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Internet watchdog, blocks & fines: UK outlines plans to protect citizens from all ‘online harms’

Internet watchdog, blocks & fines: UK outlines plans to protect citizens from all ‘online harms’
The UK has proposed a set of measures to regulate the internet by obliging tech giants to ‘protect’ users from ‘harmful’ content, with a watchdog blocking inappropriate websites and slapping fines on those refusing to cooperate.

The proposals, outlined in a white paper by the Department for Digital, Culture, Media and Sport, call for creating a new, independent watchdog (or granting sweeping powers to an existing one, like Ofcom) to monitor online traffic and, if necessary, to block access to websites.

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Besides eying "substantial" fines for non-compliance, lawmakers also want to see annual transparency reports from tech companies, and a full itinerary on how they addressed the dissemination of any harmful content. The regulator will also be empowered to hold individual executives of technology firms responsible if they fail to comply.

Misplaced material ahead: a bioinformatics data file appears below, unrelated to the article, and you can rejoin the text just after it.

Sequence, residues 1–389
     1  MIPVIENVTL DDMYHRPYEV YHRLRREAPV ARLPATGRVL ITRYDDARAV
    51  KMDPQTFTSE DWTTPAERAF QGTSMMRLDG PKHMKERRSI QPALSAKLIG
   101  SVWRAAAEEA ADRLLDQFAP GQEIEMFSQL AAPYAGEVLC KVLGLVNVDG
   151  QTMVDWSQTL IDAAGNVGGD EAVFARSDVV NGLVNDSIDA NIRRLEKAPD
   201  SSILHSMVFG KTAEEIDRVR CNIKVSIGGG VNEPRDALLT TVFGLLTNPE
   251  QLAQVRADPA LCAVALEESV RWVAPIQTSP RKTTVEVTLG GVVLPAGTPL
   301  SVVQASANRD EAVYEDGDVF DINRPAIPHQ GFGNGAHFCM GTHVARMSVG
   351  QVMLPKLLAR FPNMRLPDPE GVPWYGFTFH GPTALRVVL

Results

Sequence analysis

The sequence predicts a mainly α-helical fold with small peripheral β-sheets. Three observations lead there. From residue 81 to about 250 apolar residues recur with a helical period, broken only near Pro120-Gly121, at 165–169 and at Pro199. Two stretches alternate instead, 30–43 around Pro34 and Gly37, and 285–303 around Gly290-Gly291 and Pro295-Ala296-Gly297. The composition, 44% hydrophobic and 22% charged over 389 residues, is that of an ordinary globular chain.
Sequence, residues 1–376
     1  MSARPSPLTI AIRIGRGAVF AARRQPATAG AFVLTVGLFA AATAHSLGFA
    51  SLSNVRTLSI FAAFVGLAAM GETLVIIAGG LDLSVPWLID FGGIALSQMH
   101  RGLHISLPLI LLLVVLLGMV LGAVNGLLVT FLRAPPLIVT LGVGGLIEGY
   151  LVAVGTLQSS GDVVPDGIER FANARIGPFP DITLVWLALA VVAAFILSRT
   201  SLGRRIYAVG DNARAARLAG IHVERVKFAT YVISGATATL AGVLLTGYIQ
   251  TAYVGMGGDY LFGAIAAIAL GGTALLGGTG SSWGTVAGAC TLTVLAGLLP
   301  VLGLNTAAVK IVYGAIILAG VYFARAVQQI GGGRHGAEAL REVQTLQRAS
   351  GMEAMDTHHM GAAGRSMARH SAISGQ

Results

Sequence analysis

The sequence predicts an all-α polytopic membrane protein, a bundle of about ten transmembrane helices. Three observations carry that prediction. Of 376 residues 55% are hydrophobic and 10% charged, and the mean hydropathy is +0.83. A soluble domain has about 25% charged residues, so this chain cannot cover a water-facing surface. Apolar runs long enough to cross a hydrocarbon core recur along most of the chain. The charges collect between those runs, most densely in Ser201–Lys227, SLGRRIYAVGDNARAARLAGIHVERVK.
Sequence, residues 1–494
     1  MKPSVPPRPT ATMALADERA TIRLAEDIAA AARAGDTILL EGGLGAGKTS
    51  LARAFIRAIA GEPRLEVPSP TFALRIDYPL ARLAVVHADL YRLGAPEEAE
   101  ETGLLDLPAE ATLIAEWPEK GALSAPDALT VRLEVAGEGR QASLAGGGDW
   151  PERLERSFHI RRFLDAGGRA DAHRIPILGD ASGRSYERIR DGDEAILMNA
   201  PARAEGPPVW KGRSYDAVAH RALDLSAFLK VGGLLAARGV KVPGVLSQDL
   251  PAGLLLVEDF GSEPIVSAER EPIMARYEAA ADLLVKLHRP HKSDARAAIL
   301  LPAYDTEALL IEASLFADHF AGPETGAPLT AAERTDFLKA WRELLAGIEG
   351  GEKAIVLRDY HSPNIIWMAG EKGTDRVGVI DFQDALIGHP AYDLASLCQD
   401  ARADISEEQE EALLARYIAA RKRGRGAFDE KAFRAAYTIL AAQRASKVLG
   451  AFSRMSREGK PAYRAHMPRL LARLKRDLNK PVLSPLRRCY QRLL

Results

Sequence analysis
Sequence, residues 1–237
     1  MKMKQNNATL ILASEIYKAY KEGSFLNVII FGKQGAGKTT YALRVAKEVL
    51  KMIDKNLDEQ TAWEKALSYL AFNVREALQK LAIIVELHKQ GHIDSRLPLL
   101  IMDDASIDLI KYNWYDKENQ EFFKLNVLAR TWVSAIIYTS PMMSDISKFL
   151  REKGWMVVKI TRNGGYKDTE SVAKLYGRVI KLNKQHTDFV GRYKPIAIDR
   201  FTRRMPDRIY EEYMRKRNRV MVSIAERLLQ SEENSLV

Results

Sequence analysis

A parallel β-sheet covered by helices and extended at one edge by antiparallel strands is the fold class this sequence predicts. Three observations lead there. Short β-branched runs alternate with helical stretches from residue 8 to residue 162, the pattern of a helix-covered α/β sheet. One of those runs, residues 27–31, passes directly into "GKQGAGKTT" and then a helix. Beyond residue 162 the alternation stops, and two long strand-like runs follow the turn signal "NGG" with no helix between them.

The new regulations, proposed on Monday, are needed to battle rising concerns over the growth of violent content and disinformation, the government claims, insisting that young people must be shielded from the dangers of a virtual world that encourages suicide, cyberbullying, and inappropriate behaviors.

“For too long these companies have not done enough to protect users, especially children and young people, from harmful content,” Prime Minister Theresa May stated, endorsing the proposals. 

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While the British government’s initiative was welcomed by campaigners for safer internet use, some had concerns about the prospects of greater censorship. Matthew Lesh, head of research at the Adam Smith Institute, a UK-based neoliberal think tank and lobbying group, earlier argued that such a move would be an attack on “freedom of speech and the free press.”

Lesh suggests it would be hypocritical of Britain to impose such restrictions, when the UK government criticizes alleged violations of freedom of expression in countries such as China, Russia, and Iran.

Britain will no longer be called a free society if her citizens and her press are directed by Government as to what they can view, think and say.

The suggestions on curbing harmful online content still need to go through a 12-week consultation process. Silicon Valley firms Twitter and Facebook have already said they are ready to work with the UK government to address its concerns.

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